It was always my secret desire to be a tugboat captain. Tugboats are so cool. Geniusofdespair
Captain Beau Payne
(September 14, 1964 – March 6, 2017)
Captain Beau Payne, 52, of P and L Towing, the red and white tugboat fleet that dominates the Miami River, passed away on March 6 of natural causes.
The marine community has good reason to mourn; Beau Payne literally saved their future with his strong stand on limiting the river’s condo development to Miami’s downtown development area. Because of his efforts, with some help from friends in the river’s Durham Park neighborhood, the Miami River Marine Group and a lawyer skilled in appropriate planning, a full scale assault on marine industrial properties was stopped and marine industrial protections were put in place. Frenzied developers seeking inexpensive waterfront properties were chastised by media sympathetic to the river’s working class, and the Florida Court of Appeals weighed in with full recognition and appreciation for the working Miami River in “Payne vs. City of Miami.” These three separate, hard-fought cases, which now bear Beau’s name are routinely cited as case law throughout Florida.
More about that, but first it’s fitting to say something about the man himself. Beau Payne was no ordinary citizen. Raised in degraded apartments on a hard-scrabble section of the Miami River, Beau loved the sight of the river’s tugboats, and determined through self-teaching and apprenticeship to become a tugboat pilot. As a young man – not much more than a boy – he indentured himself to that commitment by taking a job as a deck hand for a kindly but garrulous old-school river pilot. He worked his way through every operation of the sometimes dangerous tug and towing business, until he eventually became the pilot who commanded by steering the large cargo ships from the aft tugboat, the most difficult position in towing on the water. He had a natural gift for it.
With small successes initially, he eventually built an investment with five tugboats on the river (it takes two tugs to pilot a 300 foot river cargo ship), 40 crew working in both salvage and towing, and a cadre of people grateful for the opportunities he offered them. All of this thriving maritime activity was a gift from a man born without privilege, but with a strong sense of empowering others. He never failed to recognize his own good fortune, nor blocked the impulse to share it. Each year at Christmas, he delved deep into his pockets to buy bicycles and toys for dozens of needy kids attending Citrus Grove Elementary School near the river where he and his sister attended school as a children. Each April he participated in the Miami River Commission’s RiverDay, welcoming kids on board his tugs for a look around. He once escorted a bride and groom by tugboat to their wedding site at a Miami River park. Another time he answered the call – gratis -- from a friend whose submerged boat unexpectedly needed a lift and repair. He always had a friendly wave to the folks of Spring Garden who watched his boats as a daily entertainment. He contributed tomany causes with good cheer and interest, without any need for recognition.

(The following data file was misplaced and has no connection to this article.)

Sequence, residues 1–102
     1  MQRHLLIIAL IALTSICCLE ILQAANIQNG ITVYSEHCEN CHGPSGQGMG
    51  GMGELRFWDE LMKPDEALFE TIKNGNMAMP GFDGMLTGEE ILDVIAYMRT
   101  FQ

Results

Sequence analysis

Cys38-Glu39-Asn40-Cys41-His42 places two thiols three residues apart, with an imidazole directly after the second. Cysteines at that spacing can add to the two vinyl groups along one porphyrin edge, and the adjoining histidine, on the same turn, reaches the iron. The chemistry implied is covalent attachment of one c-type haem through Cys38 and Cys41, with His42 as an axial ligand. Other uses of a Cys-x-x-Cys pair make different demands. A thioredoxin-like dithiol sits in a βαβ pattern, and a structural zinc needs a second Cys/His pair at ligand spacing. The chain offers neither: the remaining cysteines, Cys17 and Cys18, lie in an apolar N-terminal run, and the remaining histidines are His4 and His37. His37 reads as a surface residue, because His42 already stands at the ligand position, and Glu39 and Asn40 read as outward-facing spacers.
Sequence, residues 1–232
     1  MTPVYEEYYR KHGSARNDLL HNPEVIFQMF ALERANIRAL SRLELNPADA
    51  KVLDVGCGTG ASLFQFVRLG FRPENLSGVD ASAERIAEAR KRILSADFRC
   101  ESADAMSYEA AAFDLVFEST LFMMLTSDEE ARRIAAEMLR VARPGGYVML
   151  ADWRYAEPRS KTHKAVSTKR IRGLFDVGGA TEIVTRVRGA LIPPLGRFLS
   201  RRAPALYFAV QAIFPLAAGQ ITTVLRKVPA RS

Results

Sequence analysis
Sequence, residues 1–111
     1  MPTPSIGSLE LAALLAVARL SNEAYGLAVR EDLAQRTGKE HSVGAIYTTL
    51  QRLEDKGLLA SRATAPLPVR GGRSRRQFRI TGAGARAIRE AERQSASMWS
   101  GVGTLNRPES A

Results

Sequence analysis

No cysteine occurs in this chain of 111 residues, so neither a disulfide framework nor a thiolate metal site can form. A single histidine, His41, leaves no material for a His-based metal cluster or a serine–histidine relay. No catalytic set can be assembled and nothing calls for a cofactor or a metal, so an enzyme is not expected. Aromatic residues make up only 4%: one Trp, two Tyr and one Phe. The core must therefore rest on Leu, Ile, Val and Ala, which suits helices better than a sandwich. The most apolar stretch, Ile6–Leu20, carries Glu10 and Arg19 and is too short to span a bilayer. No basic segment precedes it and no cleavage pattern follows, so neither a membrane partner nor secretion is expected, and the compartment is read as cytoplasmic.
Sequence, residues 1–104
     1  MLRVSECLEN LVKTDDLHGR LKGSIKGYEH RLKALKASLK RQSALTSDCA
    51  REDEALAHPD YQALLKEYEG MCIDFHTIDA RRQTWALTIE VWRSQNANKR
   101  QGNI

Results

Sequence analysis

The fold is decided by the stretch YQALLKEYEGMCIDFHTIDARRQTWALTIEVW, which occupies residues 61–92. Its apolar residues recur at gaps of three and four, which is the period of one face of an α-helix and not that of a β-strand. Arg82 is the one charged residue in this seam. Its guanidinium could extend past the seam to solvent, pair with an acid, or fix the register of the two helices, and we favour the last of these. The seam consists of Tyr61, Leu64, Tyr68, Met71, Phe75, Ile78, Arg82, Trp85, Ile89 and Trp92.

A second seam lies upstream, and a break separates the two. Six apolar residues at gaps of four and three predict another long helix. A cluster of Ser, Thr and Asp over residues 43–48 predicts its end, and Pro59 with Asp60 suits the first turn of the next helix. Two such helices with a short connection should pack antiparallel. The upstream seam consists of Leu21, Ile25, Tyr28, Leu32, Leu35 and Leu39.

But bravest of all those things that Beau did was facing down teams of arrogant, hostile lawyers for weeks, months, and years, fighting to keep the river working. Developers and politicians were incensed to have to answer to a man they considered a “nobody,” who was giving his best to protect the working river. In addition to his job working on the river, Beau sacrificed. Those who opposed him in their cause to rid the river of marine industry made the mistake of underestimating his resolve and persistence. He was maligned and sometimes discouraged, but he never backed down or abandoned the effort. In the end, Beau and those who stood with him to protect the Miami River were decidedly vindicated by the appellate courts of Florida.
We who knew him will miss him; those who didn’t can still enjoy his legacy just by sitting along the Miami River waterfront watching in awe as larger than life marine traffic goes by. He was a brave heart, a good soul, and a loving man who will be sadly missed.”